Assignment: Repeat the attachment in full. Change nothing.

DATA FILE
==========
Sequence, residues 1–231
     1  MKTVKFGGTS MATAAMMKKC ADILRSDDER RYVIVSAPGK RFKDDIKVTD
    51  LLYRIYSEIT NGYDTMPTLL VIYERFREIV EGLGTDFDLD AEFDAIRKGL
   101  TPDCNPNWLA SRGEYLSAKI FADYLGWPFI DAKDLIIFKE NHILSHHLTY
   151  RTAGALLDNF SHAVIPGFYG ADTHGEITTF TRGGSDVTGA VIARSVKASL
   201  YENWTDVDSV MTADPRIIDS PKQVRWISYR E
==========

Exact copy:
Sequence, residues 1–231
     1  MKTVKFGGTS MATAAMMKKC ADILRSDDER RYVIVSAPGK RFKDDIKVTD
    51  LLYRIYSEIT NGYDTMPTLL VIYERFREIV EGLGTDFDLD AEFDAIRKGL
   101  TPDCNPNWLA SRGEYLSAKI FADYLGWPFI DAKDLIIFKE NHILSHHLTY
   151  RTAGALLDNF SHAVIPGFYG ADTHGEITTF TRGGSDVTGA VIARSVKASL
   201  YENWTDVDSV MTADPRIIDS PKQVRWISYR E